At that time, Congress adopted an approved classification system, on the one hand for mineral materials, on the other hand for vegetative materials.

You line up the vegetative materials over here and the mineral materials over here.

It’s the first time that the word “mineral” materials qualified the term “materials” as opposed to vegetative.

So now the government in 1975 has come full circle.

They started out with substances and materials.

In ’47 they were materials.

In ’55 they were mineral materials.

And now in ’75 all of a sudden we have gravel as a mineral.

And that’s the legislative history.

And the only way it became a mineral is by administrative imagination.

It was always before that a material.

Sandra Day O’Connor:

Is the gravel involved in this case the so-called common variety?

Harley W. Shaver, III:

Well, I would have to call it–

Sandra Day O’Connor:

Contrary to what the Solicitor General explained–

Harley W. Shaver, III:

–I would call all gravel common variety, as Congress has, as has been regarded in the history of the mining laws.

Ordinary gravel is ordinary gravel.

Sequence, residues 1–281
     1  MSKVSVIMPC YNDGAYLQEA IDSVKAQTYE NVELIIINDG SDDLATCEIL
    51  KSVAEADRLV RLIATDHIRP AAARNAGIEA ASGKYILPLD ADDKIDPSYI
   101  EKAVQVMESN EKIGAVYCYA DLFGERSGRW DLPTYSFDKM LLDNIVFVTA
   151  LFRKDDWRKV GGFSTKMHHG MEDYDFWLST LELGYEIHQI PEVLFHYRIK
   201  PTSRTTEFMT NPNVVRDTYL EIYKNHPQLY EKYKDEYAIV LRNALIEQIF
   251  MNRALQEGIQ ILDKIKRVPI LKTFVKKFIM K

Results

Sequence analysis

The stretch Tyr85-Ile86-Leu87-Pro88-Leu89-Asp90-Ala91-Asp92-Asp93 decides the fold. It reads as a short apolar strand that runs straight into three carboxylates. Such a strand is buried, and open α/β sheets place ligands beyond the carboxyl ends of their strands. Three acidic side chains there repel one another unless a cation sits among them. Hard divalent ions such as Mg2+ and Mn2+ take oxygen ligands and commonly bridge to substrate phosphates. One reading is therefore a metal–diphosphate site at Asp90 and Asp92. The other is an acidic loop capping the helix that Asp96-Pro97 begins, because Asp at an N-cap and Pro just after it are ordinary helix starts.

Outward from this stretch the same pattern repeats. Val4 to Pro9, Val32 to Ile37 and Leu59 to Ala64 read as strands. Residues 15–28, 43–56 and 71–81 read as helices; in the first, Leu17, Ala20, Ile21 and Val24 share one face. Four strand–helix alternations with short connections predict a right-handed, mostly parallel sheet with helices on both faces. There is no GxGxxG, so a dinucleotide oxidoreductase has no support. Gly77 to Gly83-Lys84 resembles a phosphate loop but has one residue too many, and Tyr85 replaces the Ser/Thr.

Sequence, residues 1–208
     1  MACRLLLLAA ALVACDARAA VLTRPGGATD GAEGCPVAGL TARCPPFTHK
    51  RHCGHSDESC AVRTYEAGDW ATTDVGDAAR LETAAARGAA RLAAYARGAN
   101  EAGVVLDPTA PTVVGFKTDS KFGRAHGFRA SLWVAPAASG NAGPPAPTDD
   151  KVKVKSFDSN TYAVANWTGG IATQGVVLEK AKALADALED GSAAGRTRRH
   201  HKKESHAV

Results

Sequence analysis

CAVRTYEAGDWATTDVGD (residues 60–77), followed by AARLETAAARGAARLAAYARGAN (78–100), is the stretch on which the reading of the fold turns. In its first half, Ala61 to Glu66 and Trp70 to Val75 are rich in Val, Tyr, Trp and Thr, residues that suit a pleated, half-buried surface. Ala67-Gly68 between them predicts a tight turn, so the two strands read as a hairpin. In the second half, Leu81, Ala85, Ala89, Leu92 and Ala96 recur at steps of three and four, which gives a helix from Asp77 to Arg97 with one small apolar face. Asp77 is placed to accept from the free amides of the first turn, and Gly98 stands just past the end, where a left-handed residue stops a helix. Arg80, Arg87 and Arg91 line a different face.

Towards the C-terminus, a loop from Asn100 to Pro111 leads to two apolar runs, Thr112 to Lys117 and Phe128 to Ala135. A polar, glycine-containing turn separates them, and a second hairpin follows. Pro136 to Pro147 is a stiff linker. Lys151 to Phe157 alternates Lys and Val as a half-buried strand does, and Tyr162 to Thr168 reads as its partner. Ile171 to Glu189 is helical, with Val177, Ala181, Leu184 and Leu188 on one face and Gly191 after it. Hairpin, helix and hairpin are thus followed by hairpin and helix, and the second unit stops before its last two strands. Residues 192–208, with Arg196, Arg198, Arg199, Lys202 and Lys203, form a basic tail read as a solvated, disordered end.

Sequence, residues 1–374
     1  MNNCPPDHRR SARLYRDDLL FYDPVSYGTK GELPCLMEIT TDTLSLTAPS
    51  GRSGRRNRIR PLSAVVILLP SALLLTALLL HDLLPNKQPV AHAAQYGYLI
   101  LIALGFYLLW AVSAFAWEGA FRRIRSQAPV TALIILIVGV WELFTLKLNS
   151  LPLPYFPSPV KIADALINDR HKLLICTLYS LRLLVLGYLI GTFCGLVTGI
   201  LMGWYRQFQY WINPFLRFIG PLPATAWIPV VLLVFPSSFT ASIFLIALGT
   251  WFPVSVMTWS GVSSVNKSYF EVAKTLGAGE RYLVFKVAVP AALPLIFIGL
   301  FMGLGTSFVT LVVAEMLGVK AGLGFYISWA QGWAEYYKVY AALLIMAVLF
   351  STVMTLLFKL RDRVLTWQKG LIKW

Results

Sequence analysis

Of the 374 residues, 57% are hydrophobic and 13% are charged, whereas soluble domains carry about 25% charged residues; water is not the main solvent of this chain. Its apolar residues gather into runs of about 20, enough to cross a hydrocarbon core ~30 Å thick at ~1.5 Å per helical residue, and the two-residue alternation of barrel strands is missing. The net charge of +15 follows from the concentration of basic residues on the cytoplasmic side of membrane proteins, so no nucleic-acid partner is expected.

William J. Brennan, Jr.:

–Mr. Shaver, may I ask, in your brief you have argued that the question presented by the government is really not here, was not raised below.

Have you abandoned that argument?

Harley W. Shaver, III:

No, Justice Brennan.

I… I believe–

William J. Brennan, Jr.:

I mean you have been arguing the merits.

Harley W. Shaver, III:

–Yes.

I pointed out in the brief that I believe that the issue of whether or not the government reserved gravel susceptible to commercial exploitation has been an anomaly to this case.

It hasn’t been passed upon by the tribunals below.

There was no evidentiary hearing in this case at any step of the way.

One was requested before the IBLA, and it was disallowed.

This whole case has gotten to this Court as essentially an argument on the law.

William J. Brennan, Jr.:

But if we agreed with you, what should we do with the case?

Harley W. Shaver, III:

I would suggest that the decision of the Tenth Circuit stand.

Warren E. Burger:

But the remand that you referred to at least tangentially here would be to determine whether… to determine something which had not been argued or presented; namely, is there a difference by virtue of the commercial value?

Is that the basis of a remand that you were referring to?

Did you request a remand?

No, no.

Harley W. Shaver, III:

I don’t believe so, Justice Rehnquist.

Warren E. Burger:

The hypothetical that was suggested was that that has not been decided by any court.

It is now raised in this on appeal for the first time.

Harley W. Shaver, III:

It was not raised by the respondent, and I don’t believe it need be addressed.